Suppose that G is a simply connected matrix Lie group and the Lie algebra $\mathfrak{g}$ of G decomposes as $\mathfrak{g} \cong \mathfrak{h}_1 \oplus \mathfrak{h}_2$. Then there exists closed, simply connected subgroups $H_1$ and $H_2$ of $G$ with Lie algebras $\mathfrak{h}_1$ and $\mathfrak{h}_2$ such that $G = H_1 \times H_2$.

However, there's now a problem, because the compact group $K$ whose complixified Lie algebra of $\mathfrak{g}$ need not have a matrix universal cover! (e.g. $\mathrm{SL}_2(\mathbb{R})$). So this argument won't work in Hall's setting.

Is there some simple way to avoid this issue so that one can use both simplifying approaches 1 and 2 simultaneously?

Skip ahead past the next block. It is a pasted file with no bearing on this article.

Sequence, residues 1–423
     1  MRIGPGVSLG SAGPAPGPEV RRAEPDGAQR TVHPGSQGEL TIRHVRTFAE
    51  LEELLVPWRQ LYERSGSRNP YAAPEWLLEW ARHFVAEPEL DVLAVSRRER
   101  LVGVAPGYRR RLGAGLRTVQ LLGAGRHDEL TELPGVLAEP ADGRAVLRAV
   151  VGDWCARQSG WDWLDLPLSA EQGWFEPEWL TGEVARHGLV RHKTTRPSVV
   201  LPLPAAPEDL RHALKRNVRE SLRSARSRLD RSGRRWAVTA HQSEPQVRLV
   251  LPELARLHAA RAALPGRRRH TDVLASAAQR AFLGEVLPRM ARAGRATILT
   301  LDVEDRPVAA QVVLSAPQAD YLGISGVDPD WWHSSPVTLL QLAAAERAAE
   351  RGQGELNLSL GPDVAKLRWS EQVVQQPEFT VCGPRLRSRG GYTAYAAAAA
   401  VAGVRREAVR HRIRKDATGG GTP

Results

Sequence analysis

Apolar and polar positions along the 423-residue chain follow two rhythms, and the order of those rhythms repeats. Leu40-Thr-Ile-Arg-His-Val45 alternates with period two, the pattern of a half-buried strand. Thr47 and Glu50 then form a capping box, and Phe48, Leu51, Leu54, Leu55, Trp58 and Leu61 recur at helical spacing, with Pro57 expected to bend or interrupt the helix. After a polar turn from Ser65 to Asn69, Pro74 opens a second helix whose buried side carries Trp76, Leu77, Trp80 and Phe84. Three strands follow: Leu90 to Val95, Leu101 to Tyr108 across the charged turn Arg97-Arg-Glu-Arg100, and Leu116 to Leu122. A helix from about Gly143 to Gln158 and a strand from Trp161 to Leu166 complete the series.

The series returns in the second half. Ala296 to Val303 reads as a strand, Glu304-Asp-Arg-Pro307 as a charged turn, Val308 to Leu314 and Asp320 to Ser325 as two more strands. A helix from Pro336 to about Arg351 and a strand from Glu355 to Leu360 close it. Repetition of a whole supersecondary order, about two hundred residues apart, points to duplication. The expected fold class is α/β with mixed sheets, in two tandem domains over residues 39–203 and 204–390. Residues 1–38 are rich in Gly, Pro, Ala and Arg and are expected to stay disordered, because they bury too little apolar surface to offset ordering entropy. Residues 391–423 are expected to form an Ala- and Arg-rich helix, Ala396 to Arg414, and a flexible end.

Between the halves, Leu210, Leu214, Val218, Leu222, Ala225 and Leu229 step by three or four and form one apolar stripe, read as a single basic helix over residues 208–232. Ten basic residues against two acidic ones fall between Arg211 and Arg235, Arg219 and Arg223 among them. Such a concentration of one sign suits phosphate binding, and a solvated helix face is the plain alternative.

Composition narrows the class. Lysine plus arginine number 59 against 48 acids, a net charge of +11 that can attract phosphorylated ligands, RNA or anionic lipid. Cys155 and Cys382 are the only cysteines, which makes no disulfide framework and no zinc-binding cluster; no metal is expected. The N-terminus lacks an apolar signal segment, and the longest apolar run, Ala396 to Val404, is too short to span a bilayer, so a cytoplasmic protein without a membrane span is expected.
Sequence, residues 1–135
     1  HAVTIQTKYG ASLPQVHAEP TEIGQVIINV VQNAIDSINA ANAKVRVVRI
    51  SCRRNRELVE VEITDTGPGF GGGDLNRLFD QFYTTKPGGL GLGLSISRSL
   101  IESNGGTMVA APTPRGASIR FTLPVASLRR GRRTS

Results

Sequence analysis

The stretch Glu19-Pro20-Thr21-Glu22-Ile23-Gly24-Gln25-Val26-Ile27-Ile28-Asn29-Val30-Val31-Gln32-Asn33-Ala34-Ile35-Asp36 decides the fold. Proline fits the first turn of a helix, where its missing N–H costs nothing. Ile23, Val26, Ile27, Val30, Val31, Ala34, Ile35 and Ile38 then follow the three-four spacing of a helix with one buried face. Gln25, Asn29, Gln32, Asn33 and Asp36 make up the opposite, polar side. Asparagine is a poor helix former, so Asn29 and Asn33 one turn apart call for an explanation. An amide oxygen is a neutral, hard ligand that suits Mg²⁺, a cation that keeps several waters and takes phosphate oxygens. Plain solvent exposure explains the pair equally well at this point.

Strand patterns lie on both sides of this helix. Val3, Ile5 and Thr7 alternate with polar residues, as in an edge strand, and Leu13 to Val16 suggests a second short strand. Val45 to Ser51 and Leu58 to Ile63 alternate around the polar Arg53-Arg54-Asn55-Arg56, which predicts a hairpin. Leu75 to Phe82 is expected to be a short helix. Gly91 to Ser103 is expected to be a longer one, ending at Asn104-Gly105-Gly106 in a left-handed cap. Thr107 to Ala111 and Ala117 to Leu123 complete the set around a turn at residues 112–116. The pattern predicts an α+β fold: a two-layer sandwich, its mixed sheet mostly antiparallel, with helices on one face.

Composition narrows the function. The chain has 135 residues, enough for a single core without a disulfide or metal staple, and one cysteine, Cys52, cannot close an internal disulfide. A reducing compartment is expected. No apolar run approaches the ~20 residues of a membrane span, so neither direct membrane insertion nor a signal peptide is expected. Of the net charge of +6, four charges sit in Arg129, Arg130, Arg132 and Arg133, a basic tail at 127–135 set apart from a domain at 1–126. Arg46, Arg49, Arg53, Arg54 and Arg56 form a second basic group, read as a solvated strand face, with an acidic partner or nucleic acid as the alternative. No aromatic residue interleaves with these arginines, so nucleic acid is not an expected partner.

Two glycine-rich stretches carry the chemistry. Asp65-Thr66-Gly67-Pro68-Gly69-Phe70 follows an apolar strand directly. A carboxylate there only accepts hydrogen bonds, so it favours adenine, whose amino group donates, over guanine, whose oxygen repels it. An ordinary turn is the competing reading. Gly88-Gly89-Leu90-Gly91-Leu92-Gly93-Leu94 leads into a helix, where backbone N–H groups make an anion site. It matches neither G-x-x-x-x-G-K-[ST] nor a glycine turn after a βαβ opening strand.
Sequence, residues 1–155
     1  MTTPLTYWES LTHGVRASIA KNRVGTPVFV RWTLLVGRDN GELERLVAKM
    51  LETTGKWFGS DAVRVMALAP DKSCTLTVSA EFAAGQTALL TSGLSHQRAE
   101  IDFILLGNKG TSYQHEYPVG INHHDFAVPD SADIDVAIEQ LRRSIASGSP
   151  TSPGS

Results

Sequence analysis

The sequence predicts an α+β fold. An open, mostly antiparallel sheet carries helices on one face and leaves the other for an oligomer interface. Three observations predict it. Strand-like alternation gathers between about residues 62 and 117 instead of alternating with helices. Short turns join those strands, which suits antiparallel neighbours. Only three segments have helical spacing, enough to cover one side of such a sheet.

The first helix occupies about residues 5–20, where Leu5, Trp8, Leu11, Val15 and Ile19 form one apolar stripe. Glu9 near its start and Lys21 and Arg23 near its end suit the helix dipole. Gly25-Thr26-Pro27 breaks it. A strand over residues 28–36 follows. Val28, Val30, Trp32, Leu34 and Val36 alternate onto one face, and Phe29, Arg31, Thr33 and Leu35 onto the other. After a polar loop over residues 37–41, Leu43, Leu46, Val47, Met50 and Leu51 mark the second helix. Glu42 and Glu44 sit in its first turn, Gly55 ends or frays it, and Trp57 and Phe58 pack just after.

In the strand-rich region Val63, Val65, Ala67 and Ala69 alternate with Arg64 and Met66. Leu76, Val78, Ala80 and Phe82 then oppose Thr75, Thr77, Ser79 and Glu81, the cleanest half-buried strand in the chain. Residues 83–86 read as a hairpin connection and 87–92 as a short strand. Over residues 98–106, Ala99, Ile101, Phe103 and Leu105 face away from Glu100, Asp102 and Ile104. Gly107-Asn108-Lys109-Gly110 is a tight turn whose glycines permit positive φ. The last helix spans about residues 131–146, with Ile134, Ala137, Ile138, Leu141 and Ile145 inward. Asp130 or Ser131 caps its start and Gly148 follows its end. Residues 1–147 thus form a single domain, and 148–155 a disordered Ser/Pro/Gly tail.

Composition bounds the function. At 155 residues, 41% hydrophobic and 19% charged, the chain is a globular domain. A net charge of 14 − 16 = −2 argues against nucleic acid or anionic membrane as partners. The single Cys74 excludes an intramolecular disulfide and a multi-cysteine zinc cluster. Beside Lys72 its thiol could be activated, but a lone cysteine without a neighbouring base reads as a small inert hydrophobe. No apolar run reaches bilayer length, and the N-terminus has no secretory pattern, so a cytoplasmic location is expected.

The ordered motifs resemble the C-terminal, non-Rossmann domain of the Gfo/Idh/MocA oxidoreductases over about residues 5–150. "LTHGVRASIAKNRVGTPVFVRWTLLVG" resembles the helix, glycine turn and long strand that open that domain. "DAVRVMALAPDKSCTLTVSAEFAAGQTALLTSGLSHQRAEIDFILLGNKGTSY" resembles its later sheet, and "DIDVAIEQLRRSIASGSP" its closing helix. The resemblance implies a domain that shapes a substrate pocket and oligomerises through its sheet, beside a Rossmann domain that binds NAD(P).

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  • $\begingroup$ One approach would be to show that compact matrix groups do have matrix universal covers, but as far as I can tell that's hard (Peter-Weyl). Another possible approach is to show that the root system breaks up as a direct sum and then use the summand root systems to explicitly realize each of the summands as a compact-semisimple algebra. $\endgroup$ – Noah Snyder Jan 26 '16 at 21:50
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    $\begingroup$ Can't you use characterization of compact Lie algebras by negative definiteness of the Killing form? $\endgroup$ – Vít Tuček Jan 26 '16 at 22:20
  • $\begingroup$ @VítTuček: Does that characterization always yield a matrix compact Lie group? $\endgroup$ – Noah Snyder Jan 26 '16 at 22:54
  • $\begingroup$ I don't understand your parenthetical: $\mathrm{SL}_2(\mathbb R)$ certainly does not have a matrix universal cover, but it also definitely isn't a "compact group $K$". $\endgroup$ – Theo Johnson-Freyd Jan 27 '16 at 0:29